Ofgem ignored 700,000 debt complaints before British Gas scandal
Exclusive: Energy regulator did nothing about mountain of complaints until British Gas prepayment scandal was revealed
Energy companies received more than 700,000 complaints about their treatment of debt-ridden customers over the last five years, openDemocracy can reveal.
In the last year alone, the energy regulator Ofgem was made aware of 40,000 complaints relating to the controversial forced fitting or disconnecting of pre-payment meters.
Yet the watchdog was only forced into action earlier this month when an undercover Times investigation found British Gas had sent bailiffs to break into vulnerable people’s homes and fit the meters by force. Following the expose, it suspended the practice until the end of March.
Centrica, the owner of British Gas, announced today that its profit had hit £3.3bn for 2022 – more than triple the £948m it made in 2021 – just weeks after the regulator launched an investigation into its use of bailiffs against at-risk customers.
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Now, data obtained by openDemocracy through a Freedom of Information request has revealed for the first time the scale of alleged mistreatment of vulnerable customers since the energy price cap was first hiked in April.
"Ofgem has known about this crisis for years, and so have the companies themselves. Suppliers are not being honest when they act like they’ve just discovered it and they're shocked, like the CEO of Centrica did," Ruth London, co-founder of the Fuel Poverty Action campaign group, told openDemocracy.
Energy companies are required to report the number of complaints they receive from customers every month to Ofgem. Last year, they received 161,103 complaints related to disconnection and debt issues – of which 40,458 were about pre-payment meters – though Ofgem has consistently refused to tell us which suppliers received the most.
The category includes complaints from customers about their energy supply being disconnected or having a prepayment meter installed forcibly without a warrant or despite them being vulnerable.
Other examples of complaints include customers being disconnected by error or without due process and being put on debt repayment plans that are unsuitable or unaffordable.
The true number of people being ill-treated is likely to be much higher. Ofgem revealed at the beginning of February that customers were being left on hold for hours by energy companies, leading to more than half hanging up before they could report an issue.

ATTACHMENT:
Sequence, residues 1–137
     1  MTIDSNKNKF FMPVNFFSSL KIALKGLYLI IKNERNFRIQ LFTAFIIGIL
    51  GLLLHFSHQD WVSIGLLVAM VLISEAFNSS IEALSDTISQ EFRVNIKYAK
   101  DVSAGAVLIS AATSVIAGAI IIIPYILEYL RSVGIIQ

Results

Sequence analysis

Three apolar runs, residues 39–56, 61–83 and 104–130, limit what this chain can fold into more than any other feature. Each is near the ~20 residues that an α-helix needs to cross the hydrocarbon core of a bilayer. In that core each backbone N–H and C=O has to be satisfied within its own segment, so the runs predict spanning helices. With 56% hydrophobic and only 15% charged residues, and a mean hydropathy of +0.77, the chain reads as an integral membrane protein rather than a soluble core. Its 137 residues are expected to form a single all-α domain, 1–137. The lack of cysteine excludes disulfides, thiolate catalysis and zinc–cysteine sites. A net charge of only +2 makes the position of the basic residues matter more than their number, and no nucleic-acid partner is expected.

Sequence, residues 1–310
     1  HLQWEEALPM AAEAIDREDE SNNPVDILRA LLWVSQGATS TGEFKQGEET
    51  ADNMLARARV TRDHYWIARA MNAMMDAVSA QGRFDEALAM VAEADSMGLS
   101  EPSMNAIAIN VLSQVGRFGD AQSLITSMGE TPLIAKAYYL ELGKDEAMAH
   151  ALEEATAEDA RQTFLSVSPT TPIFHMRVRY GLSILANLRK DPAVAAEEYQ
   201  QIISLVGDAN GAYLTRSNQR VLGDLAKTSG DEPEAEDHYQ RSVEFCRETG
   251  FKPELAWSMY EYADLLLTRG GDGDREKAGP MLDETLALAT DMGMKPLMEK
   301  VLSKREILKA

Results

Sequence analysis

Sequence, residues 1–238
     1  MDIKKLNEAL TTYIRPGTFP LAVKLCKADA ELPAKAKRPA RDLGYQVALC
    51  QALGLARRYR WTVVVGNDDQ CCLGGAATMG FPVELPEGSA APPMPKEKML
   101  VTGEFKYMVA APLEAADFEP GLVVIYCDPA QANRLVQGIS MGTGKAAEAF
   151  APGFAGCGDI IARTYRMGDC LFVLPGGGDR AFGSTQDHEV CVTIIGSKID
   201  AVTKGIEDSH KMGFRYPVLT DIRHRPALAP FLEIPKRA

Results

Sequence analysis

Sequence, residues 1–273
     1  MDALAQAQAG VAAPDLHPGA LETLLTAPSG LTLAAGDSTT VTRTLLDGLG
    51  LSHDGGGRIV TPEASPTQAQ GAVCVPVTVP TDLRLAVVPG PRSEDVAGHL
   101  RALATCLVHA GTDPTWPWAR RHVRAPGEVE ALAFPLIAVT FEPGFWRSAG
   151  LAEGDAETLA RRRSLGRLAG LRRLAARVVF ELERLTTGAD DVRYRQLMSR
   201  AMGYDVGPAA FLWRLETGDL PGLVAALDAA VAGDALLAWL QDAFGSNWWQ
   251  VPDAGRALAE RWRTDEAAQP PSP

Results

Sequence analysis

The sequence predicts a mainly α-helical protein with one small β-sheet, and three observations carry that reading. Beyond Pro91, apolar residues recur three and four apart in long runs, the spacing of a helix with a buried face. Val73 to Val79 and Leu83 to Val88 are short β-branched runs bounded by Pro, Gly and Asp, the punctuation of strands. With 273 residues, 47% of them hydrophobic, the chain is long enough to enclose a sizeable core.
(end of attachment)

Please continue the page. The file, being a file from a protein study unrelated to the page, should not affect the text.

Ofgem said revealing how many complaints different companies had received would breach Section 105 of the 2000 Utilities Act, which states that the public disclosure of information companies supply to the regulator is prohibited in order to protect national security. The law has previously been criticised for preventing whistleblowers from raising issues about the energy sector that are in the public interest.
The regulator said after the British Gas scandal broke that it was “unacceptable” to forcibly install prepayment meters before all other options had been exhausted.
But charities have criticised it for ignoring calls to end the practice for months.
"Lives have been and are being lost because of their silence and refusal to act on the truth they have long known," said London.
Clare Moriarty, the chief executive of Citizens Advice, said it “should not have taken this long” for Ofgem to act.
The charity said it saw more people unable to afford to top up their pre-payment metre last year than for the entirety of the previous decade combined.
The Times reported that British Gas customers who had prepayment meters forcibly installed had included a woman in her 50s who the company’s bailiffs were told had severe mental health problems and a mother whose “daughter is disabled and has a hoist and electric wheelchair”.
The paper’s undercover investigation also alleged that the Arvato Financial Solutions employees were incentivised with bonuses to fit prepayment meters. The boss of British Gas owner Centrica apologised and said he was “disappointed, livid and gutted”.
Last year, a non-executive director at the regulator resigned saying Ofgem had “not struck the right balance between the interests of consumers and interests of suppliers”.
Peter Smith, policy director at the charity National Energy Action, said: “The recent announcement by major suppliers that they would temporarily pause forced installations of pre-payment meters is welcome, but this was prompted by public shaming of suppliers and there is still no market-wide ban.
“We also desperately need a coherent plan to help millions of people already trapped on prepayment meters. This means rewiring the energy market to provide more affordable tariffs and finding new ways to address the underlying debt issues which are rife due to soaring energy costs.”
Richard Lane, Director of External Affairs at StepChange Debt Charity, said: “We welcome Ofgem’s move to suspend the forced installation of prepayment meters (PPMs), but it’s clear that thousands of households have been struggling with energy bills for some time now, which is evident in our own client data.
"For the people that have already been moved onto PPMs, there must be better protection to prevent self-disconnection and extreme energy rationing."
Updated, 16 February 2023: This story has been amended to include fresh data obtained through freedom of information law on the number of complaints notified to Ofgem between 2018 and 2022. Previously, it just contained data for 10 months of 2022.
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